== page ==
Linux scripts on Cisco IOS?


– This is a continuation
of a series of videos where I’m teaching you to become a better network engineer. And teaching you commands in the Cisco IOS that you
may not have known about. (upbeat music) Please do me a favor. Put a comment below this video and let me know when
you’ve learned something. So put a time stamp on the video. So how far did you get through the video before you learned something? Which command did you learn? If you know commands that I haven’t used options that I haven’t used please add them below this video. So that we can all learn from one another. I wish I knew everything, but I don’t. I’m just sharing some tips and tricks that I know, but please also add your tips and tricks below this video. Because this is YouTube please, would you subscribe to my YouTube Channel? Please, would you like this video? If you find it useful. And please click on the
bell to get notifications when I post a new video. In this video I’m going to show you some Linux commands you can run on Cisco IOS that will hopefully save you a lot of time. And hopefully surprise
you with what’s possible on the Cisco IOS. In this example I’m
running a Cisco router. This is a traditional Cisco IOS. In other words, classic Cisco IOS Version 15.6(2)T This is a viral image that’s running with InGenius 3. So, on this router what I’m going to do is enable shell processing full. This allows me to run Linux commands directly on the Cisco IOS. I could also just do it this way. If I only want to run it
for my current terminal and not enable it globally on the router. Have a look at the series of videos if you are not sure about
what this command does. I’ve discussed it in previous videos so I won’t go through
all the options here. Now shell processing supports
quite a few commands. If I type show shell functions I can see that cat is
supported as an example. Grep is supported. But not this option interface. Print interfaces that match the argument. I’m going to run a very basic scripture. Which is for X-X in
interface Ethernet zero do echo done This is a very basic script. Paste that directly into privileged mode. Notice I see the interfaces on the router. Similar to show IP interface brief, but I’m only looking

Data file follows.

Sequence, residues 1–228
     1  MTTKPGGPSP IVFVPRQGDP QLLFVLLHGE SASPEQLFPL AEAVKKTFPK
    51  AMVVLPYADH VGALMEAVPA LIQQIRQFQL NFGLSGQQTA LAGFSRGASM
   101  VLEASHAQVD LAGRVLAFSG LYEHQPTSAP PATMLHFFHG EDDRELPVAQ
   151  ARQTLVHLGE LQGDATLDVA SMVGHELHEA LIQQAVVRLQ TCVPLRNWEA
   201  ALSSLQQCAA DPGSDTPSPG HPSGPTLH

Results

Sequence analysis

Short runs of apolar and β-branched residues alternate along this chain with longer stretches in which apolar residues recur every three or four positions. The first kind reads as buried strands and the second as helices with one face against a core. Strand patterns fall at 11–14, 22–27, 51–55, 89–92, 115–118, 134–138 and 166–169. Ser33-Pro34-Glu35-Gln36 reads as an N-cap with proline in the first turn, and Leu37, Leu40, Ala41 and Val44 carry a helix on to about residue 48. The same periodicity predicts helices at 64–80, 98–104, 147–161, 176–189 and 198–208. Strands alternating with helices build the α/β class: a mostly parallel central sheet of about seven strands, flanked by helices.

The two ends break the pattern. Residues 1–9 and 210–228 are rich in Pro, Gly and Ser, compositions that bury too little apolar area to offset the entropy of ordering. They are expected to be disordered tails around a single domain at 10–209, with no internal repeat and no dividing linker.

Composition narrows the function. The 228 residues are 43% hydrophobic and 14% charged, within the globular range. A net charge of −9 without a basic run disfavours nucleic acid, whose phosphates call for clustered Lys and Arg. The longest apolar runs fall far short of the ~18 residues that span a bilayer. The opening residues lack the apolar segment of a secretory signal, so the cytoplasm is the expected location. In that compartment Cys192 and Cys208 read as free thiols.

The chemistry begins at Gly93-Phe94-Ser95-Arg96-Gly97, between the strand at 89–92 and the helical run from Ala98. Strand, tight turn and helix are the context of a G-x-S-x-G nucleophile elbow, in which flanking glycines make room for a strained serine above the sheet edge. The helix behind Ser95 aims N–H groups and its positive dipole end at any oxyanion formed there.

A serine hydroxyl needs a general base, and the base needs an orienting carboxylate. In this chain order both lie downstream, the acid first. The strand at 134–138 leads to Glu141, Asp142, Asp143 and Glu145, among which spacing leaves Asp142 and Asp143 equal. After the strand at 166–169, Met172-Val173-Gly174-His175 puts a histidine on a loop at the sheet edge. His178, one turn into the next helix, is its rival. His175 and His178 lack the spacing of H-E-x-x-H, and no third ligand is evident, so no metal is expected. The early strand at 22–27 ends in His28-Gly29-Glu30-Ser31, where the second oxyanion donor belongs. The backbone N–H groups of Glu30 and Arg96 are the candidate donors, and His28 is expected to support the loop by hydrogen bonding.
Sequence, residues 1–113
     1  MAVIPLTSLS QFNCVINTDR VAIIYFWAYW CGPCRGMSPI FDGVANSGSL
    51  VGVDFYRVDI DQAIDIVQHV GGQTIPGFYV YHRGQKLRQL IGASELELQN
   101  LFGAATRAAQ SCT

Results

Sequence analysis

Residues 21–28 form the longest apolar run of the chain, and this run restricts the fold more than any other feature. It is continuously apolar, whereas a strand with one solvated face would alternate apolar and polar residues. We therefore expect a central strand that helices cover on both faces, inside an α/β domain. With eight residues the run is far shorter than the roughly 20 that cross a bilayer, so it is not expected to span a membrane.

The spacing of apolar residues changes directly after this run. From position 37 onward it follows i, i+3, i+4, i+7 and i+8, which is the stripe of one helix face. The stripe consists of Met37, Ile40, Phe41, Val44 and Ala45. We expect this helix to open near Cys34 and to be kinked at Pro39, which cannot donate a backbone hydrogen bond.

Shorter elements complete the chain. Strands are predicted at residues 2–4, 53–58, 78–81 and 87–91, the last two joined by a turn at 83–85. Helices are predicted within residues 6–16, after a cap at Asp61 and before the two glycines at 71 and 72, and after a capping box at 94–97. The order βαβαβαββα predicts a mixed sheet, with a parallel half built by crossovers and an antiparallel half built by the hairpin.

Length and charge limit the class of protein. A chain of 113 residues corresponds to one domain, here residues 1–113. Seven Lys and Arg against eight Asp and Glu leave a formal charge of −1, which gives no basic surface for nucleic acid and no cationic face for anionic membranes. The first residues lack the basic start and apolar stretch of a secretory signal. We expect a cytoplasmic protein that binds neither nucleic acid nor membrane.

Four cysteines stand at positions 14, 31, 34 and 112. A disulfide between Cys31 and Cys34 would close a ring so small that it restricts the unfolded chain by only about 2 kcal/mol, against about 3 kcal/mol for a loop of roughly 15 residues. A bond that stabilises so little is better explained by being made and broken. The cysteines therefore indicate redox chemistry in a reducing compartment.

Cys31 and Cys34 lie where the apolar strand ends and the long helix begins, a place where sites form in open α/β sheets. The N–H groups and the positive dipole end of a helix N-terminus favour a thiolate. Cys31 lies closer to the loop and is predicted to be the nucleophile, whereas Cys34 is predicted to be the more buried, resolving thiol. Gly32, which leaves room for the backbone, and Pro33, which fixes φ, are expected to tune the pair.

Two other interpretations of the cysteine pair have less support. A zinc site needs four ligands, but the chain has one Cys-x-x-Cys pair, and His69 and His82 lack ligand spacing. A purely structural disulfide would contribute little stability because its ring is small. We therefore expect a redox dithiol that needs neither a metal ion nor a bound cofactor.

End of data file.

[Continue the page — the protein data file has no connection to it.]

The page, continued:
at Ethernet interfaces. So again, that’s the script that I ran. I’ll post all these
scripts below this video. So don’t worry trying to copy this down. Just get it from below this video. That’s showing me the
interfaces on the router. Now that may not be that interesting. So let’s expand the script. I’m going to say for X-X
in interface Ethernet do echo. Echo is one of the shell
functions available. Notice over there. Echo arguments to the terminal. So I’m going to basically echo something to the terminal. Based on show interface
include input errors. So this is going to show me not just the interfaces, but it’s also going to show me any input errors. So this line input errors
CRC frame overrun ignored is displayed in the output. So you may prefer doing that on a switch. See, here’s my switch. Terminal shell to enable the shell. Paste that in. I see all the interfaces on the switch. And now I can see input
errors CRC overruns, etc. I’ll be able to see any errors on an interface by simply running a very basic two line script if you like. If you want more details this is available in the Cisco IOS Shell
Configuration Guide. Again I’ve covered some
of this in separate videos where I’ve talked terminal shell versus enabling this globally on a device. But if you scroll down, they start talking about scripts that you can run. So very basic script is
echo here is a string with X-Y-Z in it where
X-Y-Z is a variable. In my basic script this is my variable, X-X. So that’s used in multiple places. Scrolling down a bit further we can use if statements. We can use for loops. So let’s take a very basic for loop here. Directly from the documentation. On my switch, I’ll paste that in. For X in one two three four five echo X so just print that out. That’s what we get. One, two, three, four, five. Not very interesting,